Subject: Child Care Reform


Sarah Tomlinson: The Turnbull Government has announced that it will support grandparents with subsidised child care for those who are the primary carers for their grandchildren. This initiative is part of the Jobs for Families package, and to tell us more we’re joined by Minister for Education and Training, Senator Simon Birmingham. Welcome to the program.

Simon Birmingham: Good morning Sarah, good morning to your listeners.

Sarah Tomlinson: So what’s currently in the child subsidy test when it comes to being able to access child care?

Simon Birmingham: Well we currently have a range of different payments that are available: the Child Care Benefit, the Child Care Rebate, a number of other different payments and programs that operate. And what we’re seeking to do as a Government is to simplify that by rolling it all into one new child care subsidy arrangement; and then alongside that make sure we have appropriate safety nets for certain categories of people where vulnerable children are involved, or in this case the grandparents who have taken up the challenge for society of looking after their grandchildren as the primary carer. Often of course they’re talking about situations where the children have been at risk or are in some sort of vulnerable circumstance. And of course those grandparents are doing it out of love and out of affection for their grandchildren, but also importantly they’re doing a real service for society, often in their retirement years. And we want to make sure that in return for that service they get appropriate respite and opportunity to access child care services without being out of pocket.

Sarah Tomlinson: What have grandparents previously missed out on when it comes to access to family support?

Simon Birmingham: So there are some support measures already in place for grandparents, which is not an entirely new concept, but in going through a complete and wholesale change of child care payments and making sure they are simplified, we’ve been very keen to ensure that that applies as much to grandparents as it does to any other category of individual who we’re targeting assistance to. So this is about making it very clear that if you are a grandparent who is the primary carer for your grandchildren you will be exempt from the new work activity test that applies to other parents for accessing child care support. And if you’re on some type of government payment, such as the pension or otherwise, then you’ll receive up to 120 per cent of the child care subsidy against the hourly cap, which should in virtually all circumstances ensure that those grandparents are not out of pocket for the care of their grandchildren.

Sarah Tomlinson: How much had we seen grandparents sort of being out of pocket in this situation previously?

Simon Birmingham:
Well there certainly have been some instances, and our estimates are that this new policy will support around 3900 grandparents catering for more than 6000 grandchildren. So it’s a small but very, very important number across the community. Frankly, as somebody who spent six years as a young person being cared for by my nan, I certainly recognise the immense contribution that grandparents make, and the need for us to help them out. And this is just a small way in which the government can make their life a little bit easier when they’ve taken on the task of caring for another generation beyond their own children.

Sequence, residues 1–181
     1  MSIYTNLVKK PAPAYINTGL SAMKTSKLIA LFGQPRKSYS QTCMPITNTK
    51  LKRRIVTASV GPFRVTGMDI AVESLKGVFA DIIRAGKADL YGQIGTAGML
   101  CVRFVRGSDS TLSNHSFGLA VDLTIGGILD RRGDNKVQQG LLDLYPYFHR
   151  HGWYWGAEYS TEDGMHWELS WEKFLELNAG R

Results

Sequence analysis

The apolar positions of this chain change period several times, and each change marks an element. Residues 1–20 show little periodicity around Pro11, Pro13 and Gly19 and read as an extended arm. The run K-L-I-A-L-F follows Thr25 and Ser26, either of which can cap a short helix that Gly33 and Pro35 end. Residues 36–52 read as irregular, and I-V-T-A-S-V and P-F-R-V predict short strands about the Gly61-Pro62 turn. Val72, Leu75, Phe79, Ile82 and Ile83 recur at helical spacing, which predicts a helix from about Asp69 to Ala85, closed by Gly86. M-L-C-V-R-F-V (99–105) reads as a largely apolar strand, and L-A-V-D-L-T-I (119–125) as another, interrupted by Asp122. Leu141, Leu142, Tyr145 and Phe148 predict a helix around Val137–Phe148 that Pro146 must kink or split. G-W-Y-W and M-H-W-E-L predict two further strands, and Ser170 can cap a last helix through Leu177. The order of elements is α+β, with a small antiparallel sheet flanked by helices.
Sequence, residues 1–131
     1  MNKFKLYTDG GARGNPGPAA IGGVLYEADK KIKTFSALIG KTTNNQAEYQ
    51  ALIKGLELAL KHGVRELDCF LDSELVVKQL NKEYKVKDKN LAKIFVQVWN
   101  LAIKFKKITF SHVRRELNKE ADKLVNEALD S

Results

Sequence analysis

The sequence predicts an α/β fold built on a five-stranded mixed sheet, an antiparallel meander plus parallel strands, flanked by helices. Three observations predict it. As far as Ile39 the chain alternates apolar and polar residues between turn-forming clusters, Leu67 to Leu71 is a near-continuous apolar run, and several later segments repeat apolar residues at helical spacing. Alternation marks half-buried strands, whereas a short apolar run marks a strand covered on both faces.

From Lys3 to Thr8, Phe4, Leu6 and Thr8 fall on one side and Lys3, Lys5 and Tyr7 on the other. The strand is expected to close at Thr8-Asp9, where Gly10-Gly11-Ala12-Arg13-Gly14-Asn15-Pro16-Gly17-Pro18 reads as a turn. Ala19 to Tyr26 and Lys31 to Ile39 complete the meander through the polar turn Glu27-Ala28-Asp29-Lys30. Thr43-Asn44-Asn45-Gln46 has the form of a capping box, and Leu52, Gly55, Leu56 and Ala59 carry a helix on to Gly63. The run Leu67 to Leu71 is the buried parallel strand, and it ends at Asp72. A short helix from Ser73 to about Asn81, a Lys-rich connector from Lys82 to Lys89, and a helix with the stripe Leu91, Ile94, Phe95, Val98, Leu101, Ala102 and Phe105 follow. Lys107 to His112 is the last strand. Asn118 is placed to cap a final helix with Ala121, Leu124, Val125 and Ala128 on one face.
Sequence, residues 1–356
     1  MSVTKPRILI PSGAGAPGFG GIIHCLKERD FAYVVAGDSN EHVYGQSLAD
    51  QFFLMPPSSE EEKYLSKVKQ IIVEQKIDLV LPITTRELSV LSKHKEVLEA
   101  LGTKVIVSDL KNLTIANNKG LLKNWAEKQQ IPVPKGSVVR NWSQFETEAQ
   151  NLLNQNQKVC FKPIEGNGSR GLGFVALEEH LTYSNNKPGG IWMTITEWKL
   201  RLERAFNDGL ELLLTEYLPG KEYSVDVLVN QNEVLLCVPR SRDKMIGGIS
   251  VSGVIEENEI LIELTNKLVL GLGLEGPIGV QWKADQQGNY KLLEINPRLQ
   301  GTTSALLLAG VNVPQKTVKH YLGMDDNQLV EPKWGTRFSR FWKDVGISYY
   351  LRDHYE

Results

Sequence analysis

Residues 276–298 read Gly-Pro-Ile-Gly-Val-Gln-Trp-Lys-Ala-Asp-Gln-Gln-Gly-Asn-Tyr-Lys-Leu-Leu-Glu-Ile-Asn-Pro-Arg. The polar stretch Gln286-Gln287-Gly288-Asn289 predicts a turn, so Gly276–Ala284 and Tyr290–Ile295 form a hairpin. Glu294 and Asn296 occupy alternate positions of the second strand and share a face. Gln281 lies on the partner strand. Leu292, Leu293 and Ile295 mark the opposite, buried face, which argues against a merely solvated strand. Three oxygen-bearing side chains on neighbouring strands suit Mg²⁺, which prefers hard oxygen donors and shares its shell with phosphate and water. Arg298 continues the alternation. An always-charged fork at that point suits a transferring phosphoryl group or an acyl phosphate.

Sarah Tomlinson: Senator Birmingham is there any limits on- so the care that’s being given, does it need to be a full-time grandparent?

Simon Birmingham: The test here is to be the primary carer of the grandchildren, so …

Sarah Tomlinson: [Talks over] Sorry, a full-time primary carer I should have said. Of course you’re a full time grandparent.

Simon Birmingham: That’s right. So primary carer being essentially full-time in nature. There are established protocols through Centrelink for people to register for- as the primary carer, which of course means that it makes life easier in dealing with schools and with other centres as life goes on. So yes I know there are many other grandparents out there who put in many, many hours helping to look after their grandchildren out of love and affection, and their of course children, the parents of their grandchildren, are able to access our new child care subsidy arrangements once they’re legislated, which ensure that we provide the greatest amount of support to those who work the most, and to those who earn the least. So for parents out there listening, under the proposed new child care subsidy arrangements the more hours you work the more hours of care will be subsidised by the government; and the less you earn from your work the greater the rate of subsidy will apply. So for low-income families, that’s up to an 85 per cent subsidy on the cost of child care, but tapering right down for high-income families earning more than $250,000 to a 20 per cent subsidy.

Sarah Tomlinson: What memories do you have of living with your nan for a while?

Simon Birmingham: Oh I have incredibly fond memories. And I was very fortunate, I had a very engaged mum who was working full-time following the divorce of my parents, and so I was- I had the benefit of the village, as such, to have in terms of …

Sarah Tomlinson: Are you still there Senator? Okay, Senator Simon Birmingham joining us on the program. And that family- sorry Jobs for Families package, which includes those services for grandparents, will be available from next year.

Senator Birmingham’s media contact: James Murphy 0447 644 957
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